Chief Malone retires after 35 years of service

  • Published
  • By Senior Airman Madison Beichler
  • 123rd Airlift Wing Public Affairs
Chief Master Sgt. David E. Malone, senior enlisted leader of the 123rd Maintenance Group, retired from military service during a ceremony at the Kentucky Air National Guard Base here Feb. 4, ending a career spanning 35 years.

Lt. Col. Jerry Zollman, 123rd MXG commander, spoke highly of Malone’s character during the ceremony, which was held in the base Fuel Cell Hangar.

“If you know Chief Malone, you know his number-one priority has been always taking care of his Airmen,” Zollman said. “He set a great example of what subservient leadership looks like. Your counsel and guidance to me has been invaluable. You have supported me well, the group well, and you are leaving this organization better than when you found it.”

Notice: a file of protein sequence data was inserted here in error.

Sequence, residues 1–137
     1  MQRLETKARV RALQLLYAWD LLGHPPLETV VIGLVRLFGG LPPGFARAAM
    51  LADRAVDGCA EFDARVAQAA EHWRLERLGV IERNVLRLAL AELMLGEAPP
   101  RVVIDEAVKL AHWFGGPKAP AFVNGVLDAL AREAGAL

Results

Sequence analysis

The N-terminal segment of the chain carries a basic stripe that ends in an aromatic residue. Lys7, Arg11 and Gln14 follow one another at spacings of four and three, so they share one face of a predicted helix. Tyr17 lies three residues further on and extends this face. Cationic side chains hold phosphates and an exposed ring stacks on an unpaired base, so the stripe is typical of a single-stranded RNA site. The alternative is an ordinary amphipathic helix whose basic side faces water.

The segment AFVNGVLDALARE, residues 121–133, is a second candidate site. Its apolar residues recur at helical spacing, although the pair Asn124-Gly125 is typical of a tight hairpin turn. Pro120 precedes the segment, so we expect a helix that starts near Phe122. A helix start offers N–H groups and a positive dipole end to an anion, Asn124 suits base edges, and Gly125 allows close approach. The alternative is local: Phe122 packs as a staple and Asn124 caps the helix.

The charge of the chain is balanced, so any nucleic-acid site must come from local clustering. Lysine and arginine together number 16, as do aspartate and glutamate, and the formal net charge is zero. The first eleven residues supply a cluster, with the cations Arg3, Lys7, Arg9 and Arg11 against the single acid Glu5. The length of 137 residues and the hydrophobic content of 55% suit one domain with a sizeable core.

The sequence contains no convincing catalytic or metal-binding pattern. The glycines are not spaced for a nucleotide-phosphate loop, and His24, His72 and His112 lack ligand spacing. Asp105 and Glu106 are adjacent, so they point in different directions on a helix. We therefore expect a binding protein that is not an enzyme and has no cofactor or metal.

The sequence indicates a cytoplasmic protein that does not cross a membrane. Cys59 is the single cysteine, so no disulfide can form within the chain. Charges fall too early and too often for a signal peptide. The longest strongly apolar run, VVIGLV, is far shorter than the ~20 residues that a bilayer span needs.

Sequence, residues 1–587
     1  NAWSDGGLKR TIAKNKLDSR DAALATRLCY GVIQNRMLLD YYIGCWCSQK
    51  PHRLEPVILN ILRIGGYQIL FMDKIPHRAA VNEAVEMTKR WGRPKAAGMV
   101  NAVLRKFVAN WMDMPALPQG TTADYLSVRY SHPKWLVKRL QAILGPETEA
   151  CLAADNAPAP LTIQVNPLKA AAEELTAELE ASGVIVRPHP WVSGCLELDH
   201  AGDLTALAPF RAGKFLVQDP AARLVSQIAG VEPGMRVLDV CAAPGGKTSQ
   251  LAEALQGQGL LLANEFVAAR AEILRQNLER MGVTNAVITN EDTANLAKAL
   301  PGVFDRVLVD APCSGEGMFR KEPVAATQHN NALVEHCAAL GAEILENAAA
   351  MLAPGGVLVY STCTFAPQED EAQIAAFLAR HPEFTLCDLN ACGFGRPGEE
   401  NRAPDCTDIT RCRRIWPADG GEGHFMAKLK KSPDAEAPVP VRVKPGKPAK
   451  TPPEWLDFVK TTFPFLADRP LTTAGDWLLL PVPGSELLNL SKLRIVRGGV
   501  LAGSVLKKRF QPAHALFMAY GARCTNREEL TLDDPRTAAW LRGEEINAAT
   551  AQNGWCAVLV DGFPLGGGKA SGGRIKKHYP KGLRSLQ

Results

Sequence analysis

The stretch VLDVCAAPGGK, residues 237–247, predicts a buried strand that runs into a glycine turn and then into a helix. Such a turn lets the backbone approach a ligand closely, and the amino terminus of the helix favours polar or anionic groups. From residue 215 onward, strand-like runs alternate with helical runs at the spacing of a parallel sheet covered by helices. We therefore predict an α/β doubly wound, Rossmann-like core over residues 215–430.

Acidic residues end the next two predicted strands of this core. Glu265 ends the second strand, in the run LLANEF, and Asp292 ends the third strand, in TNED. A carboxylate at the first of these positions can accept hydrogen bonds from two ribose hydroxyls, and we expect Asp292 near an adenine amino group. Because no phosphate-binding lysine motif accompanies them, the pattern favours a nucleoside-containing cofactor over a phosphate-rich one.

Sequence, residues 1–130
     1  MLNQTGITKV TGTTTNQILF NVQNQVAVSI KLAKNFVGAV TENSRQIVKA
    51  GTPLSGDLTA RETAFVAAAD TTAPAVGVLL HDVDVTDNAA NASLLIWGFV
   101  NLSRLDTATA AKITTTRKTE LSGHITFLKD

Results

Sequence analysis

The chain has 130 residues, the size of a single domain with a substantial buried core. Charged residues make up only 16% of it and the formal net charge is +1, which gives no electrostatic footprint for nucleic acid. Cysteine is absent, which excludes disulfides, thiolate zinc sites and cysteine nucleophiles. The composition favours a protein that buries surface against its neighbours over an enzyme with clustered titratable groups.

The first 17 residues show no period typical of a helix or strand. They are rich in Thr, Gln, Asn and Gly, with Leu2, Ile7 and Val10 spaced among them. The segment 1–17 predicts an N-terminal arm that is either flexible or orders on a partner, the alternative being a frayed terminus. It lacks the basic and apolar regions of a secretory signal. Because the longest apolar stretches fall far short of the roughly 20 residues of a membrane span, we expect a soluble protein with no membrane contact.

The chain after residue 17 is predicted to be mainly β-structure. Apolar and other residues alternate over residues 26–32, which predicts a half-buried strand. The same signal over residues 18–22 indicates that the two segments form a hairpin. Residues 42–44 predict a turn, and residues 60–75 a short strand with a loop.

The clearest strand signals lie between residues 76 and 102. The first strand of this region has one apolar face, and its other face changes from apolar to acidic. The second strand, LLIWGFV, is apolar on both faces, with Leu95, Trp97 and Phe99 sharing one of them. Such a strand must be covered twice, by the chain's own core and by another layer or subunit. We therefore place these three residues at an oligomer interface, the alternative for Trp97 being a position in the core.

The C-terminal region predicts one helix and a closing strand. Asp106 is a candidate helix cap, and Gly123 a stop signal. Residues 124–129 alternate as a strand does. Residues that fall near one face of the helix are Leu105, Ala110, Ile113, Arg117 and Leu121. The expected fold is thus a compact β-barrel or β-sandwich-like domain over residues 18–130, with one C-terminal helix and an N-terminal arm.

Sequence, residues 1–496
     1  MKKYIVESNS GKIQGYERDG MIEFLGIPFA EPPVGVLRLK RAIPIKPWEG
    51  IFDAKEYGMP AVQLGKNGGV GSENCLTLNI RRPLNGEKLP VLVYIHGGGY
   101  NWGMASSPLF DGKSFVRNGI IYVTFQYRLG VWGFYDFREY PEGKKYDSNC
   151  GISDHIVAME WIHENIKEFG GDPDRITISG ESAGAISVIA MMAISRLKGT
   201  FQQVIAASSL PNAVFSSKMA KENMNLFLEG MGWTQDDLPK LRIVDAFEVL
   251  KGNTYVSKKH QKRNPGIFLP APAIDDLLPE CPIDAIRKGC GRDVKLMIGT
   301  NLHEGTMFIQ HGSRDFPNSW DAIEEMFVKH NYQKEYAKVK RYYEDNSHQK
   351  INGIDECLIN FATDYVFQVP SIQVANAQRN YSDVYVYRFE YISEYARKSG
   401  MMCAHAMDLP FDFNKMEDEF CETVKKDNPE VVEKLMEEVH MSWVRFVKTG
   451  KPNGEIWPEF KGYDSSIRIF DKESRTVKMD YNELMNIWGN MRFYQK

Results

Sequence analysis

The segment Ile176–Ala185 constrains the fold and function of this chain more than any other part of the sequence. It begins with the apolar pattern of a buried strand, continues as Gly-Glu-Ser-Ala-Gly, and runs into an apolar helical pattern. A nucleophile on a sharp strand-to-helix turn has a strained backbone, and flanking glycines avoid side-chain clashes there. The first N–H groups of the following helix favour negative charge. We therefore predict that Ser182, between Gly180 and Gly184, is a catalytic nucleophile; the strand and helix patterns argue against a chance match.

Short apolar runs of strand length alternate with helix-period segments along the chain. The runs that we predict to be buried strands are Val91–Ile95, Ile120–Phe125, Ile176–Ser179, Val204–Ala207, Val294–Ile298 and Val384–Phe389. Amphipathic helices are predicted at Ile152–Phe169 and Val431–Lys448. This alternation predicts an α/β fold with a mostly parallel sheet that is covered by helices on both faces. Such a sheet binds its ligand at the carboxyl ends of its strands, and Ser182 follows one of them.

Malone began his military career in 1987 by enlisting in the active-duty Air Force as an avionics specialist. In 1991, he transferred to the Air Force Reserve’s 916th Aircraft Maintenance Squadron at Seymour Johnson Air Force Base, North Carolina.

Malone joined the Kentucky Air National Guard in May 2000. During his time at the 123rd Aircraft Maintenance Squadron, he worked in the communication and navigation shops, the Maintenance Operations Center, and the quality assurance section before being named senior enlisted leader for the group.

Over the course of his career, Malone served in various assignments in support of Operations Desert Shield, Desert Storm and Enduring Freedom.

At the ceremony’s close, Malone reflected on his time with the unit.

“There are some things that I carried on in my career and, hopefully, you can carry the torch well,” he told friends and colleagues in the audience. “The first one is to volunteer more. Volunteer for anything and everything you can. There never is going to be a perfect time for a (temporary duty), but I encourage you to get out there. Step out of your comfort zone. Second thing: Find a mentor or be a better mentor. Lastly, prepare to accept change. Change is inevitable. Never blindly accept change, ask questions, and be inquisitive.”